Sunday, September 7, 2014

Defining Genres in Fiction - #amwriting

I’m teaching a Fiction Writing class at the local college this fall, and the other day I set out to make a list of genres, with definitions and examples.  I ended up getting sucked into a black hole, spending hours trying to contrast and compare different lists that varied greatly from one source to another.  Some insisted one genre was actually a subset of another, another source declared the opposite.  Dozens of subgenres muddied the waters as well. 

Those of us who are writers know that most books don’t fit into one tidy genre anyway—there are blurred lines and overlapping traits.  But that doesn’t help the new writer with an assignment to pick their favorite genre and study it.  So this is MY attempt to classify some popular genres; I’m not claiming there are no other ways to do so, and if there’s one singular master list accepted by all, my hours of searching did not locate it.  One thing I noticed is that Erotica was rarely given its own genre—it was usually listed as a subgenre of Romance.  Maybe it’s because I’m a Romance author, but I think that’s wrong.  One key component of Romance is the HEA, and while some Erotica will incorporate that, it’s not a requirement.  At my press, we have two different websites to showcase our offerings: one for Romance, one for Erotica—and both genres have huge followings.  So I gave them each their own category.  Feel free to weigh in on how you organize and define the genres!  Keep in mind the word “usually” should always be implied, and that I didn’t think it feasible to list every subcategory.  OK, here we go!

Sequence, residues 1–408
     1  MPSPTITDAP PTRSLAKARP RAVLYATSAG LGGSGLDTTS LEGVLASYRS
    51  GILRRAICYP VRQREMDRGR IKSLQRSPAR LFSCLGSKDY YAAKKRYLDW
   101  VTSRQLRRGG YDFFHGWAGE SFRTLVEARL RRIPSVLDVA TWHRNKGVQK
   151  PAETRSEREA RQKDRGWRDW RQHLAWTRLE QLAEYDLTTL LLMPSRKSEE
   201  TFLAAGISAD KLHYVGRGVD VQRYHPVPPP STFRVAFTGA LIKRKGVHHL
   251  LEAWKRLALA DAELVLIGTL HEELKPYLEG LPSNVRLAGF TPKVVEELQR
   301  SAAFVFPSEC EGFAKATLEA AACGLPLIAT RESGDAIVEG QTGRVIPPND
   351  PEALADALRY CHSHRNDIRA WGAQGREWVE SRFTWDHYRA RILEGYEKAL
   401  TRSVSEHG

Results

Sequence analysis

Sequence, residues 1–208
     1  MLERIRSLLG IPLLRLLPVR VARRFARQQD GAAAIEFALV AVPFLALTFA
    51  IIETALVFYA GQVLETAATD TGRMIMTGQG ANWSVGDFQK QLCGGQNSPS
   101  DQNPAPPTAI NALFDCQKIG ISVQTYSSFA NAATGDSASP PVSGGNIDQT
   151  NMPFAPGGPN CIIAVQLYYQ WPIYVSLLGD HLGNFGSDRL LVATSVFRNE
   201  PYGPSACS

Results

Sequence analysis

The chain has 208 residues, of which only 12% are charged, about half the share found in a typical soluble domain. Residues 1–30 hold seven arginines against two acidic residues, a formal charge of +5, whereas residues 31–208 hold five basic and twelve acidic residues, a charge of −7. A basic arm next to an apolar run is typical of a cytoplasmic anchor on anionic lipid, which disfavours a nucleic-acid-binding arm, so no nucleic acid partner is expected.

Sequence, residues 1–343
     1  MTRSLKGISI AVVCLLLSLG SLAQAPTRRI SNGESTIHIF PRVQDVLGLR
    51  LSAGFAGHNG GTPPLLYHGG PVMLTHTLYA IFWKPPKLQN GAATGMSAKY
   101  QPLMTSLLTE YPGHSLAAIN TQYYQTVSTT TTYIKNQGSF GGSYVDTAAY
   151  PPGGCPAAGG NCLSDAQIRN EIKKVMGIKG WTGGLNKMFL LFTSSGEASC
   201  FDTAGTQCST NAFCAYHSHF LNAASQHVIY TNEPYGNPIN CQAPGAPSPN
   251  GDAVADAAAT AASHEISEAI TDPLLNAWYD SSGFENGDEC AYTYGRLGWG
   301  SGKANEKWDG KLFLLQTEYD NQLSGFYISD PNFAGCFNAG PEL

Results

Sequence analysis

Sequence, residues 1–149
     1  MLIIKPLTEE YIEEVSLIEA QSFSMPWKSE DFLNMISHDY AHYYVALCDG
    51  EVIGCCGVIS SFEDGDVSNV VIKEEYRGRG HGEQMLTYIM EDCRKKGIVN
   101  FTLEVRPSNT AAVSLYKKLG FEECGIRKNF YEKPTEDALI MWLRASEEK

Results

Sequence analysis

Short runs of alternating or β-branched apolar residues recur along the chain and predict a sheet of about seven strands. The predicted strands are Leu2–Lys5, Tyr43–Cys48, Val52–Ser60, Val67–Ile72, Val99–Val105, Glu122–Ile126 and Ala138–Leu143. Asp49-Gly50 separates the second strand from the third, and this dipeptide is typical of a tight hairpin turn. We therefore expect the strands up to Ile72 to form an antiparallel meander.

The genre refers to the constructs of the story; things regularly done and expected in terms of technique, tone, and content.

A.   Mystery/Detective/Crime Fiction – focuses on the investigation and solution of a crime, the unraveling of secrets.

·        Cozy mystery usually involves a woman who is an amateur sleuth; these are fun reads with quirky and likeable characters in a small town setting; not very graphic in terms of violence and sex.  An example would be Lillian Jackson Braun’s The Cat Who…series.

·        Hardboiled detective fiction tends to involve a professional detective with a cynical attitude; more graphic and gritty; city setting with a focus on action.  An example is Raymond Chandler’s Philip Marlowe.


B.    Thrillers/Suspense – incorporate twists and suspense along with fast-paced action; provides a rush of emotions; main character is often a man whose occupation or career leads into the plot.  An example is Dan Brown’s Da Vinci Code.

·        Occupational Thrillers encompass subgenres such as Legal Thrillers (John Grisham), Medical Thrillers (Robin Cook), etc.

·        Many other subgenres, including Ecothrillers, Espionage, Paranormal, Political, Psychological, Technothrillers.


C.   Horror strives to evoke fear, dread, and shock; purpose is to frighten readers; often involves some supernatural elements.  Example is It by Stephen King.

Stephen King is my
favorite Horror author -
I love his Fantasy novels too